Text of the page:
Countries are making increasingly far-reaching plans to mitigate climate change, but even if they are all implemented, it will not be nearly enough to prevent dangerous global warming. This is what UNEP, the United Nations environmental programme, writes in its annual report published on Monday Emissions Gap Report. In it, scientists calculate the gap between what countries have agreed to do and what is needed to keep global temperatures at a safe level. The report comes just two weeks before the UN climate summit in Dubai, COP28, where representatives of around two hundred countries are meeting.
“We are breaking the wrong records,” writes the head of UNEP, Inger Andersen. “The report shows that the world must change course, otherwise we will say the same thing next year – and the year after that, and the year after that. Like a record that is broken again and again.”
Possibly 2.9 degrees warmer
More than 150 countries shared their climate plans with the UN climate agency at the end of last month. If all countries really implement these plans, global greenhouse gas emissions will be two to nine percent lower than now by 2030, the researchers calculated. But that is not enough. Under the Paris Agreement, countries agreed in 2015 to keep warming well below 2 degrees Celsius, preferably below 1.5 degrees Celsius. To achieve this, global greenhouse gas emissions must be reduced by 28 to 42 percent. With the plans now on the table, the earth will warm up by 2.5 to 2.9 degrees Celsius compared to pre-industrial levels. The chance that the world will still manage to limit warming to 1.5 degrees Celsius is 14 percent in the most optimistic scenario, according to the researchers. For this, countries would also be dependent on technology that has yet to be developed.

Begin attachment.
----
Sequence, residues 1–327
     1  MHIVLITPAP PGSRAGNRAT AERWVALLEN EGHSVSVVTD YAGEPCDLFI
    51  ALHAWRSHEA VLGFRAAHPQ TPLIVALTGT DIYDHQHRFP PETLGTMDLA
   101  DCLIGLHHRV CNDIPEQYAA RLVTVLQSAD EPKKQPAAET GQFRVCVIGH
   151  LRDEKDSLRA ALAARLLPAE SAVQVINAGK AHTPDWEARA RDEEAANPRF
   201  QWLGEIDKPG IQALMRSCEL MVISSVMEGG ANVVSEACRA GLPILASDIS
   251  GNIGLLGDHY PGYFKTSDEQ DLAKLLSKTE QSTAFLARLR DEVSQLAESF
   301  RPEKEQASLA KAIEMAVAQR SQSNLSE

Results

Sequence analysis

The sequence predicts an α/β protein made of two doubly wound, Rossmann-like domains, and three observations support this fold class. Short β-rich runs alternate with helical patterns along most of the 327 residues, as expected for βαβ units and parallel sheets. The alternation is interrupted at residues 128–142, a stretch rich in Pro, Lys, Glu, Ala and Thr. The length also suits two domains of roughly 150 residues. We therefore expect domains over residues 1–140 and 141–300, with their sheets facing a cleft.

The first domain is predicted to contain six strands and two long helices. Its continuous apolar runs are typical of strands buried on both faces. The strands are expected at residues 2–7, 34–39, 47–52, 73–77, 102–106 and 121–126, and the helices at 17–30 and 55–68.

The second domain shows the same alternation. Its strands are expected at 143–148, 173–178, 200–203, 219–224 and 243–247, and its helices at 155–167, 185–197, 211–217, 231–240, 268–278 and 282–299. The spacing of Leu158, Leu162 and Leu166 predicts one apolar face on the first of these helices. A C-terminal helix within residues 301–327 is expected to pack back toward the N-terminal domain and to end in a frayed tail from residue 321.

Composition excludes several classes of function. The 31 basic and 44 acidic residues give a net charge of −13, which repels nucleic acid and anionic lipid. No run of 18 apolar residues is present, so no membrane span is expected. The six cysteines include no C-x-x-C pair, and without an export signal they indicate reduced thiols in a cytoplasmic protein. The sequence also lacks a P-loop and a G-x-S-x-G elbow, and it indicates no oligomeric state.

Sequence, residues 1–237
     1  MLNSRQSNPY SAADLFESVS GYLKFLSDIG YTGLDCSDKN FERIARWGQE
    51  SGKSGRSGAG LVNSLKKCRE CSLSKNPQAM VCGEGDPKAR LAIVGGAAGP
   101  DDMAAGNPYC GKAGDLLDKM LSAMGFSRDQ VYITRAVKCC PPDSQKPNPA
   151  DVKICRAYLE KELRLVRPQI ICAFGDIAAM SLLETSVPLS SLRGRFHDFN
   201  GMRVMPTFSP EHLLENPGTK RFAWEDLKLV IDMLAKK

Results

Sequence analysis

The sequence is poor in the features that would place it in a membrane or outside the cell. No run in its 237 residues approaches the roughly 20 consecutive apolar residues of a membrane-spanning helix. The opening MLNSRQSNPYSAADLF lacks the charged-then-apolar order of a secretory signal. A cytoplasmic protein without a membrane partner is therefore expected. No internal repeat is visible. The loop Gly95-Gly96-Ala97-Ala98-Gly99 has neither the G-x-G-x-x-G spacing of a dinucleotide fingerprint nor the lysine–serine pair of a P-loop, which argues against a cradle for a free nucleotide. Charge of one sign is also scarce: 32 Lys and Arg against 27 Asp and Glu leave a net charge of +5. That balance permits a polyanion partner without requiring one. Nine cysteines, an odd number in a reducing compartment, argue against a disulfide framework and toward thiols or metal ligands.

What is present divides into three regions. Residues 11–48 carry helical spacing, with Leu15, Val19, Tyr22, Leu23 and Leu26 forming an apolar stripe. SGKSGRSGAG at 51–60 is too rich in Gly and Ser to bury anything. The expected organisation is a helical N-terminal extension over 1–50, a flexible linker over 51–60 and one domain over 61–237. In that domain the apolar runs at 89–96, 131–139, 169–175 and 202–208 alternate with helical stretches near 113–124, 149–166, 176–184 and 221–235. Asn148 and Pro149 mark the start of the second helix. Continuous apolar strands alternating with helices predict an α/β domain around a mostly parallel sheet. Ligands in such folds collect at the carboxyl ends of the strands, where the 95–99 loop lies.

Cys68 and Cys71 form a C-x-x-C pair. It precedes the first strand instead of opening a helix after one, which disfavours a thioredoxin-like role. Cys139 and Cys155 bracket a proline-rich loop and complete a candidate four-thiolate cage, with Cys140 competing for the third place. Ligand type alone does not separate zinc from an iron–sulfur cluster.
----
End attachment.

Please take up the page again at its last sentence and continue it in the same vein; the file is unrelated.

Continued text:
The Earth has now already warmed up by about 1.2 degrees Celsius. Last year, one heat record after another was broken. September was the hottest month ever recorded worldwide and the oceans were unprecedentedly warm. The warmer, the greater the risks of floods, drought and heat-related deaths.
How unevenly the consequences of the climate problem are distributed across the world is once again clear from Oxfam Novib’s new climate report, which was also published on Monday. The richest 1 percent of the world, a group of 77 million people including millionaires and billionaires, emitted the same amount of CO2 as the poorest 66 percent, a group of 5 billion people. While developing countries are more vulnerable to the consequences of climate change: they have fewer resources to adapt to a warmer climate.
In 2019, the richest ten percent of the world were responsible for half of all CO2emissions, a group to which two out of three Dutch people belong. On average their CO2emissions nine times too high to limit global warming to 1.5 degrees.